Once upon a time. No. Wait. Before that. This story I want to tell you begins before the invention of time. Some well-read people will have you believe that time wasn't invented at all, that it was merely harnessed like a wild horse and we just measure the falling of its steady hooves on the cobblestones of life, except of course they would say it far less frivolously than that.
The truth, as it so often is, is a great deal more improbable.
Many dreams ago there was a girl. Her name was Syncratica, and she was born one early morning in the wild grass of a valley, which was still sodden from the warm breath of the summer thunderstorm that had rattled the world the night before. She was a loud baby, with strong lungs and wide eyes and she grew up, on sturdy legs, into an inquisitive child who liked to take things apart and then try to put them back together, again.
Her mother and her father both left her to go to war and they did not return, so it was her grandfather who raised her. He was quiet and patient. He often had dye or ink or strange grease on his hands, because he worked with them constantly and every good thing he did seemed to come about as a result of them. Whether it was the juicy courgettes and potatoes from the garden, or the soothing medicines he mixed for the villagers, or the steady, comforting grasp he offered his grand daughter as he taught her to walk.
They marked their lives by the sun and the moon and by the day turning into night, so there was change, but Time had still not been born.
Syncratica was nearly full grown when she made her first clock. She didn't name it that, but that is how you and I would recognise it. It had elegant numbers, two hands, and a perfect mechanism that ought to have worked, but didn't because It did not have any life in it, yet.
Syncratica lived a life that didn't scrimp on joy or on suffering. She had experiences. She found deep friendships, she fell in love and was both mended and broken by it. She raced rivers and climbed mountains. She conquered the dragons that were in herself from the beginning, as well as the ones who came to call on her, rearing up out of nowhere, and threatening her safety.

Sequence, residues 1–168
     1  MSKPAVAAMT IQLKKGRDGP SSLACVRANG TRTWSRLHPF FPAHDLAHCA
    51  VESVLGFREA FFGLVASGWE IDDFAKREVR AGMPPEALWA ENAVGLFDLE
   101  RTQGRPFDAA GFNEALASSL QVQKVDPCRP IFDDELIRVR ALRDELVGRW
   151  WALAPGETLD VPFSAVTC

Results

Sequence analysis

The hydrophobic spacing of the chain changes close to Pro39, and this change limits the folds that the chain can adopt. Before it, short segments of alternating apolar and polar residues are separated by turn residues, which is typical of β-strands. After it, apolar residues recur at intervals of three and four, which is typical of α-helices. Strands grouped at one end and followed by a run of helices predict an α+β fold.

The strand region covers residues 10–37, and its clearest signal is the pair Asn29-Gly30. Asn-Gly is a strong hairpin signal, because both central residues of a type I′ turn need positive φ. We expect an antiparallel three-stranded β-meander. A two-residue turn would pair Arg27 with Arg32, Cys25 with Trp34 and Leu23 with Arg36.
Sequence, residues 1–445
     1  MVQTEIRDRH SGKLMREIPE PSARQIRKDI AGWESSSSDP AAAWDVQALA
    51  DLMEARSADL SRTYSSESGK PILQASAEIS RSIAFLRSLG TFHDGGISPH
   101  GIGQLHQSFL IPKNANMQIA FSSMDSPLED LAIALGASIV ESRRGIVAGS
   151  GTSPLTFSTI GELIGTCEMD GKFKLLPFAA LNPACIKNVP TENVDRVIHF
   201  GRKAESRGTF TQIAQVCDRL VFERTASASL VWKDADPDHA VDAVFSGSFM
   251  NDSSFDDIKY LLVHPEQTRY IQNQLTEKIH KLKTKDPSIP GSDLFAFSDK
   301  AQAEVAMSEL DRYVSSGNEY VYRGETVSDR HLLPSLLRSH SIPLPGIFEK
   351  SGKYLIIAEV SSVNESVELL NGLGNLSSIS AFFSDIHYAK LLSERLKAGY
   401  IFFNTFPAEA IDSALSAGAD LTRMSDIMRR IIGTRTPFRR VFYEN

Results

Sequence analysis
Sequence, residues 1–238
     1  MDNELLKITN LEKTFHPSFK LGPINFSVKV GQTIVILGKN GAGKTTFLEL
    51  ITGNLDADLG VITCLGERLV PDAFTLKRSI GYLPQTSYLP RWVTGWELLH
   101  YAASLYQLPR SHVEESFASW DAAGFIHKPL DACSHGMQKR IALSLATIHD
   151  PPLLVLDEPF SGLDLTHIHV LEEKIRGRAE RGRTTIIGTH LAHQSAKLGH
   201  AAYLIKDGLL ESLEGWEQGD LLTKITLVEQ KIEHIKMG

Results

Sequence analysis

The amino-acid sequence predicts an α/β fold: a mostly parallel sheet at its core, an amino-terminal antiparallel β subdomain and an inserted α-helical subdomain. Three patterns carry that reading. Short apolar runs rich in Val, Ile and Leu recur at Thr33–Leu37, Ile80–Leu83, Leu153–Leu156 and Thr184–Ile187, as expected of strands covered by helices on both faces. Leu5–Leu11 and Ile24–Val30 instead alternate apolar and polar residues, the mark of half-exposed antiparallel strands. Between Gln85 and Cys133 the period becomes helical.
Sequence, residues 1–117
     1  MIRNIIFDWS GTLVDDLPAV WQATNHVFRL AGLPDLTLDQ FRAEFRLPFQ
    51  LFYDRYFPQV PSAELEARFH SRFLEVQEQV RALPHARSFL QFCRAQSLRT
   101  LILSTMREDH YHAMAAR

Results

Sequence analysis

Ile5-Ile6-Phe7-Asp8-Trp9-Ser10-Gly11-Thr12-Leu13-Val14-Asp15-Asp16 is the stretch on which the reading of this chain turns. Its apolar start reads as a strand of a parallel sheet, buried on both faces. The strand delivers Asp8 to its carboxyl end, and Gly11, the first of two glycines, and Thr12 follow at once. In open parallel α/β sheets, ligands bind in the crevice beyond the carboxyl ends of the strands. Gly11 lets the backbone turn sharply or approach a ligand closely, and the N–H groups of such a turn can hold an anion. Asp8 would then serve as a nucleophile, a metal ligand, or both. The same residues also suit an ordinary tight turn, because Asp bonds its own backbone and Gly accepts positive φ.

Once, she led a raid on a pirate ship that kept docking nearby for the crew to steal from her village. Afterwards, she sat in the cool luxury of the Captain's cabin, eating the biscuits he had kept hidden in his writing desk.
Another time, she made love to a highwayman after he tried to accost her, and left him in the small hours without his own steed or his cloak.
As she aged, she grew more interesting and more of an oddity. She did not abide by rules that failed to be sensible, and it is astonishing how many of those we humans like to invent. She sold her clocks as decorative curiosities. Many a rich and important person had one of her ornately carved wooden works in their home, and each one came with a story. Some feat of daring that had led to her being able to make it, or some tale of a place that had inspired this flourish or that style.
Eventually, change, as it always does, began to win the biggest battle she had been fighting with it. It made her grow old and she grew tired, too. Waking up began to be something she did with regret, because the last sleep was calling to her.
One night, there was another storm, in another summer. The trees swayed with it. It was hard to know if they were dancing out of sheer gladness, as they waved their branches to the music of the rain, or if they were being forced into it, like children being forced to eat their greens because it is good for them.
She listened to the thunder and watched the flash of the lightning in the sky. Somewhere, a god was angry. Perhaps he had run out of milk, or he was being prayed to less than he felt he ought to be. The gods are remarkably petty creatures.
Syncratica saw very clearly, beside her makeshift bed, the form of her grandfather working on something. He had been dead so many years, she had forgotten the faint smell of cedar he brought everywhere with him and the jovial half whistling he did under his breath as he beavered away. Yet, here he was, and so she watched him, scarcely wanting to move in case she broke the spell.
After a few moments he looked up at her, his hands pausing in their diligent work with some small piece of wood.
"It's time to go home" he told her softly, and she knew that the home he meant was not here, anymore, at all.
Her heart, full as it was with her lifetime, stopped beating.
There was a space. A gap wide enough to hold a few missing beats, as the world accepted the silencing of her presence, and, then, tick tock, tick tock, tick; every clock she had ever made began its rhythm. On mantel shelves and bedside tables, in pockets and on walls, they kept her heartbeat as though it was their own.
They came alive and began whirring and coughing their polite chimes at the start of the hour, or simply dividing the day into pieces we could manage.